Just last week Wolf Blitzer ran a segment on Russia’s continuing involvement in Syria, months after Russian President Vladimir Putin said his nation was going to withdraw some of its forces. While showing a video captioned “Russia still has a strong military presence in Syria,” a reporter said that “Violence still rages in most of the countryside. Conciliation seems nowhere in sight and neither is an end to Russia's involvement in the conflict.”
   Neither the reporter nor Blitzer bothered to note America’s continuing involvement in Syria --- that U.S. planes have been bombing the Syrian countryside since last fall, that 250 special forces were recently sent to Syria allegedly to fight ISIS, and that U.S. proxies Turkey and Saudi Arabia have been giving weaponry to the anti-Assad forces for years.
  I’m wondering if CNN will ever run a news video with the caption “America still bombing Syria.”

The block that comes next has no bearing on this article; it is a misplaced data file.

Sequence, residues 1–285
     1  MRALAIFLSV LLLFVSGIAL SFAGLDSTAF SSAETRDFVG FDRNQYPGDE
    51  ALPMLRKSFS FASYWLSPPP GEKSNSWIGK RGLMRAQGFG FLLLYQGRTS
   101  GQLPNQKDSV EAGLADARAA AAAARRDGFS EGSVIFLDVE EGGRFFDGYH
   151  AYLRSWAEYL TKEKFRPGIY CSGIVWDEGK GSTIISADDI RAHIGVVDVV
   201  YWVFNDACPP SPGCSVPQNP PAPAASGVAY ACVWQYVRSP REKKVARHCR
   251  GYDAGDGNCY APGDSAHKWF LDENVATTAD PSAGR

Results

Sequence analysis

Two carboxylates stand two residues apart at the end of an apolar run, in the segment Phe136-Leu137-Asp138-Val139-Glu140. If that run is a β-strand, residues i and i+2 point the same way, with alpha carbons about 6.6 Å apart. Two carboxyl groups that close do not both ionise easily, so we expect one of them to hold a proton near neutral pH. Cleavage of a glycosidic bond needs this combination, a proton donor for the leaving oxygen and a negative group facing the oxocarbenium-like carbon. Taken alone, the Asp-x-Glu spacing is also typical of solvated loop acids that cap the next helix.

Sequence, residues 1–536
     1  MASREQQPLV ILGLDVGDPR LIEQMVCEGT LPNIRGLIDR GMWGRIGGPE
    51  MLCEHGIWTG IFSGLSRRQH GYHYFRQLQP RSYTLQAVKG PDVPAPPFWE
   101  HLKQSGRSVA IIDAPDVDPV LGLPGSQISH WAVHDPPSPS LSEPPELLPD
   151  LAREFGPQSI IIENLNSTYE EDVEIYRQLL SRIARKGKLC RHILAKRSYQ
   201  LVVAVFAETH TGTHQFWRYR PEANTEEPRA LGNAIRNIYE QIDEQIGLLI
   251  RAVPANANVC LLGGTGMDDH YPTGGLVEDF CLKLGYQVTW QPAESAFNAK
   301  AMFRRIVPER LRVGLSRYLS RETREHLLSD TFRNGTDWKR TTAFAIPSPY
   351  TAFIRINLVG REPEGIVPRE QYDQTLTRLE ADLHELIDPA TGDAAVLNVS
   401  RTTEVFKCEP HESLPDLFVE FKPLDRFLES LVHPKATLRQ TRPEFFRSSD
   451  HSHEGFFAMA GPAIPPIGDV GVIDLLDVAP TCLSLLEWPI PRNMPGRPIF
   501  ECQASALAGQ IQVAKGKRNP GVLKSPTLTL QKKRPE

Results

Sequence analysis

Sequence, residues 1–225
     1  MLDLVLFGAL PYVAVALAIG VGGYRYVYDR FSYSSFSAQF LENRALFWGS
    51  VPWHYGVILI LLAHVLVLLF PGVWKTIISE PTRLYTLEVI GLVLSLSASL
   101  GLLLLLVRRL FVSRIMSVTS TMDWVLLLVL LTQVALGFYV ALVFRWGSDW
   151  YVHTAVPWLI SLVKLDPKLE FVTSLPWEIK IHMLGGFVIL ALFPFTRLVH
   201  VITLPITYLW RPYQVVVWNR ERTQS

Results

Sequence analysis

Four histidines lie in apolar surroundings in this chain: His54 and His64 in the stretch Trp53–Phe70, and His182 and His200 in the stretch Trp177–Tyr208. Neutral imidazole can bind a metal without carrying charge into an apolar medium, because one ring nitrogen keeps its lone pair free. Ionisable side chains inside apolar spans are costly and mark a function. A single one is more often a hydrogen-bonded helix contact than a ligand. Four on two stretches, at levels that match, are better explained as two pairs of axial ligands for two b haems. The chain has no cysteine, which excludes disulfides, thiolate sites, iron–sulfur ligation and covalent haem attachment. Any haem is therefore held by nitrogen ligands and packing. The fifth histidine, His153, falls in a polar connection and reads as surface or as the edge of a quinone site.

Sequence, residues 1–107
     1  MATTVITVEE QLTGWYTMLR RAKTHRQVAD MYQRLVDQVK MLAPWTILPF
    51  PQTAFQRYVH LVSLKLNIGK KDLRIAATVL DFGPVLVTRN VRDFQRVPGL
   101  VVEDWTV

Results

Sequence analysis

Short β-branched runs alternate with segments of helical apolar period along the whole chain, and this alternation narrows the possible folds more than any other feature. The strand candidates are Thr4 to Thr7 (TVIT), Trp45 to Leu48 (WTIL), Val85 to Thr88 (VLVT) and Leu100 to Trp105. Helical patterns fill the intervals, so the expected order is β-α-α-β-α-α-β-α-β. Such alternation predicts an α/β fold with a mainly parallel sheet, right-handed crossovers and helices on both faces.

I don’t think so.

Wednesday, March 16, 2016

Freedom of Speech and Donald Trump



By Reginald Johnson

   Does Donald Trump have freedom of speech like all other Americans?

  Yes, unfortunately he does.

 Freedom of speech is a cornerstone of our system, stemming from the very first amendment to the Constitution, which bars Congress from passing any law which would abridge that right.

  In the U.S., you can pretty much say or write anything, unless you’re advocating something illegal.

This separates our system from a lot of other places, where if you criticize the government or some high official too much, you could wind up in jail or worse.

  It’s very important to protect the first amendment. Without it, our constitutional system is shot.

  That’s why it’s a bit concerning that some protesters have gotten it into their heads that the best way to combat Trump and his offensive views is by showing up at his rallies and either shouting him down or interrupting him so many times that he can’t effectively communicate.